1. What is people’s experience?
  2. What do staff and leaders tell us?
  3. What have we heard from our partners?
  4. What have we observed?
  5. What do we know from the organisation’s processes?
  6. What can we learn from the outcomes and performance data?

Will ratings change?

As can be seen, most of this information can be gathered remotely, without the need for a site visit, and the intention is that site visits, or traditional inspections, will only take place when evidence cannot be found through analysis of received information from the local authority, professionals, notifications, PIR, surveys and so on.

Site visits will also take place when the CQC thinks there is a risk at the service that can only be assessed by observing practice and having face to face discussions.

As such, the current expectation of receiving a site visit at a frequency dictated by the rating will not continue. It is understood that there will need to be a further explanation of how this will work, and how ratings will change, but there is a strong feeling that ratings may be able to be changed without a site visit, but again this is just speculation at this stage and no firm decisions have been made by CQC. It is a question of ‘watch this space’.

It is proposed that there will be a third level of information to support decision making by CQC, and that these will be called ‘Quality Descriptors’, these will be similar to the current ‘characteristics of ratings’ and will outline for the types of services what would be expected to be seen for the individual ‘Quality Statements’ and will support decisions about ratings. There has been little information shared about what these might look like but be assured we will share this with you when we know more.

CQC has already started this modernisation process, and you will start to see a monthly ‘public statement’ for each service that indicates that nothing has changed at the service and CQC are satisfied with the quality. The decision to publish this statement is based upon information received about the service in the previous month, and an internal analysis of the implications of the information received. However, if the information received indicated a change at the service, that has increased the risk this may stimulate an actual site visit, for example an excess number of notifications, safeguarding alerts, COVID-19 or a manager leaving will all affect the CQC view of the stability and quality of the service.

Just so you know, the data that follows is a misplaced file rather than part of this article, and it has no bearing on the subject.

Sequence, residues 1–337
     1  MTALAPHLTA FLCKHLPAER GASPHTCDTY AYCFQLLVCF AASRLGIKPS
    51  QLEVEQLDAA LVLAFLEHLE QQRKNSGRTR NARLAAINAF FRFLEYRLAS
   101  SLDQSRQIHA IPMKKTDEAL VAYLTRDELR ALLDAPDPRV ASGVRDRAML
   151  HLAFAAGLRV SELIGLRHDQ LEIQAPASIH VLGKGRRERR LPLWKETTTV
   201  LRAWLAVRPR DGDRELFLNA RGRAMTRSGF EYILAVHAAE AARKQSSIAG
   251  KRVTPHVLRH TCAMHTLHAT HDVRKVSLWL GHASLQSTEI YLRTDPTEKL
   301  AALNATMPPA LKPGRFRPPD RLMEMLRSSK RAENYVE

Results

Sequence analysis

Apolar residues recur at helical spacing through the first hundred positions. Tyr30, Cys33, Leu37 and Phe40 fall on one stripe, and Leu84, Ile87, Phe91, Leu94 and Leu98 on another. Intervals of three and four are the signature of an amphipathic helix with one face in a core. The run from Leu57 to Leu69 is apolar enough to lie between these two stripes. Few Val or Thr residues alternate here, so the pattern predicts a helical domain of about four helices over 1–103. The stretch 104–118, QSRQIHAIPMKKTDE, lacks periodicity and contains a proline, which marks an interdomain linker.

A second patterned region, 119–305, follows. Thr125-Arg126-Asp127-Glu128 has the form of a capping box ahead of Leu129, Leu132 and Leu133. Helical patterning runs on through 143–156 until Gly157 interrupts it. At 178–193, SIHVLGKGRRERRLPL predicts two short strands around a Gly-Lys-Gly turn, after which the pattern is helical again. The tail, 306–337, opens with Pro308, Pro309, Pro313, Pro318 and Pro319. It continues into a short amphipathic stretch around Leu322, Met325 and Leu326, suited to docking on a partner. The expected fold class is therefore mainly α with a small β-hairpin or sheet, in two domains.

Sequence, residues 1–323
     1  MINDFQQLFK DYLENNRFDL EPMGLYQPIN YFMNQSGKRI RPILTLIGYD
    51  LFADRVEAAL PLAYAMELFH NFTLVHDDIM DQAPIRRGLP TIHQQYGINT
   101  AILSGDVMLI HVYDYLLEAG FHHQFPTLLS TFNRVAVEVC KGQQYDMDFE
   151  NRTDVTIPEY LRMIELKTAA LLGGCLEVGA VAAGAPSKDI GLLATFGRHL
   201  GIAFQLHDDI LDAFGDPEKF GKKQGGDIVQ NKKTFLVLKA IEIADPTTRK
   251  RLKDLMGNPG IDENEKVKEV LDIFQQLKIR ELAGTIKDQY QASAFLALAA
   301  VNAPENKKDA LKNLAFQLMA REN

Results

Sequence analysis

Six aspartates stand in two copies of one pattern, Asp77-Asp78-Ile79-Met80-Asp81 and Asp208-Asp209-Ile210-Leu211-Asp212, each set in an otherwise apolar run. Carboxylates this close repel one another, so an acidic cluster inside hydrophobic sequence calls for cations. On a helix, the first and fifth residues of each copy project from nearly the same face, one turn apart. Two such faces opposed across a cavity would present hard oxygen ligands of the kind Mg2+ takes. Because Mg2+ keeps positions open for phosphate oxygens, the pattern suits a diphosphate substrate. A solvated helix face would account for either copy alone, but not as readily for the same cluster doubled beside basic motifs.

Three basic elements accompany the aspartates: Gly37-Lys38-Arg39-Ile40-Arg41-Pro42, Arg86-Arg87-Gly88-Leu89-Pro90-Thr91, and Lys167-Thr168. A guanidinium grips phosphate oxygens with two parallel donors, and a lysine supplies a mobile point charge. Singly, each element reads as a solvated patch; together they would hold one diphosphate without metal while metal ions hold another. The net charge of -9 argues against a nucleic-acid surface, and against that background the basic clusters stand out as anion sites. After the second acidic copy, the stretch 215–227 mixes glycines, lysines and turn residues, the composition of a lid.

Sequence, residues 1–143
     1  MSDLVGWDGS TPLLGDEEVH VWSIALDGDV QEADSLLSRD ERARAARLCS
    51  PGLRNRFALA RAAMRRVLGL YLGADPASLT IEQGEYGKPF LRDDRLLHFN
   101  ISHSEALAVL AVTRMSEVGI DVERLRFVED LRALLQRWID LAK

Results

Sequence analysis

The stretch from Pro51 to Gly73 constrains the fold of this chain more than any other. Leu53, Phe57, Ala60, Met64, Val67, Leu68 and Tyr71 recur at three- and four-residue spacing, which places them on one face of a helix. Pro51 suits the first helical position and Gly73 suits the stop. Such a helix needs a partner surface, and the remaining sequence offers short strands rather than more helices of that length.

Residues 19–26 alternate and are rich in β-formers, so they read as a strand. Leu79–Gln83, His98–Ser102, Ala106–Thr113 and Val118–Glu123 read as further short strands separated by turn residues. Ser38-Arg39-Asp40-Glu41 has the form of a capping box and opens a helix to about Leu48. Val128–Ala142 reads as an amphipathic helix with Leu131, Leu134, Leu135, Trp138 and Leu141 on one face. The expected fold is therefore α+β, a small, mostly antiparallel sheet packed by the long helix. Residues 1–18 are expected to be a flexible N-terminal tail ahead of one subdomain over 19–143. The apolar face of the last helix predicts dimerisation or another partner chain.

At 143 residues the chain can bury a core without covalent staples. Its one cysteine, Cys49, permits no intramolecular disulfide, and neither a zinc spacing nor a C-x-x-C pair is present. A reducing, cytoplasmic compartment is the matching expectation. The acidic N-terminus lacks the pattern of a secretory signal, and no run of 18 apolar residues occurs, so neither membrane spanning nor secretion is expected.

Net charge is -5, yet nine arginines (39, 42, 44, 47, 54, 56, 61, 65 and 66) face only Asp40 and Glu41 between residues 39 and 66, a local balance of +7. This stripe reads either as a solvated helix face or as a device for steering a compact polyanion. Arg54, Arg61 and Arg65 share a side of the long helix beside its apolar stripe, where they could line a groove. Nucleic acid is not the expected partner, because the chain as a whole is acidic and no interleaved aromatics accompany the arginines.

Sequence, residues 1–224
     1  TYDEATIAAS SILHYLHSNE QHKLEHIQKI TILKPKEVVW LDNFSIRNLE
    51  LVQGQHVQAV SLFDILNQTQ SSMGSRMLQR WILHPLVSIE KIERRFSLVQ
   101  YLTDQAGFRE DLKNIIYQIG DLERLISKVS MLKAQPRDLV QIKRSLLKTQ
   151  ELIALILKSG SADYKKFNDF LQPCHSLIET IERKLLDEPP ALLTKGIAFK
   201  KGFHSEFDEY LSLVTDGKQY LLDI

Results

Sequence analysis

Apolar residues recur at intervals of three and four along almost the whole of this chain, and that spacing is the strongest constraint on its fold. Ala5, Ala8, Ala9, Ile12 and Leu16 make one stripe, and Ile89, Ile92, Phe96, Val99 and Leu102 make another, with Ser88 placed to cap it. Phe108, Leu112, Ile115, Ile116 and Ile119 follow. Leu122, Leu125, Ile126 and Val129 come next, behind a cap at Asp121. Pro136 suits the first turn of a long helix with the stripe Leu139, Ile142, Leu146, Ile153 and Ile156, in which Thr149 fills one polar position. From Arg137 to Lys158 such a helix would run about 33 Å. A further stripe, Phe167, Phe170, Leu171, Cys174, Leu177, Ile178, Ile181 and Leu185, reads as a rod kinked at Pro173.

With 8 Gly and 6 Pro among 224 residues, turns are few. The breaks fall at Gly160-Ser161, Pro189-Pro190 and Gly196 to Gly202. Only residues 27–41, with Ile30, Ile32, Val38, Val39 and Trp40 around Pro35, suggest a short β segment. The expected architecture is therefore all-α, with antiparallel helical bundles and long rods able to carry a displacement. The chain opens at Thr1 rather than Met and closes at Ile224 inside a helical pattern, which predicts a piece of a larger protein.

What can you do now?

As you can read there are still a lot of unknowns, and CQC need to add ‘more colour’ to the picture so we all know what to do. The latest timeframe given by CQC on when changes will be implemented is very vague with 2022 being mentioned, but no month or phased roll out being indicated at this stage. However, it is a given that things will change, and in fact have changed, so we should be on the front foot and anticipate changes so we can all be better prepared.

I would advise that as a manager of a service you should:

  1. Sign up to newsletters, alerts, and other information from CQC, and contribute to their consultations. If you don’t make your views known you can’t really blame CQC for doing what they think is best.
  2. Have evidence of how you have involved people that use services in changes you have made.
  3. Ensure that staff are included and can contribute to any changes, take them with you on the journey and try not to do things ‘to them’, but do it ‘with them’.
  4. Develop open and trusting relationships with the local authority and health partners. And again, have evidence to support this.
  5. Keep your CQC evidence file organised and up to date, so you have it to hand when needed. If you haven’t got one, develop one based on the current KLOEs and include for each one the evidence you have, and where it is located.
  6. Make sure you develop a positive relationship with CQC and share information with them – including innovative practice, so they know what you are doing and how proactive you are.
  7. Use the QCS system as much as possible, share information and encourage staff to use the app.
  8. Make sure you do all the audits and quality assurance that you need to do. This way you can evidence that you are managing the quality of the service being provided.

I hope this article provides you with a ‘heads up’ of what may be coming from CQC in the future and gives you some practical things that you can do now to prepare. Also, please keep looking at the QCS system for the latest information and updates as we will always let you know when change is coming and adapt the system to reflect the changes to support you to continue to deliver outstanding care.

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Ed Watkinson

Residential Care & Inspection Specialist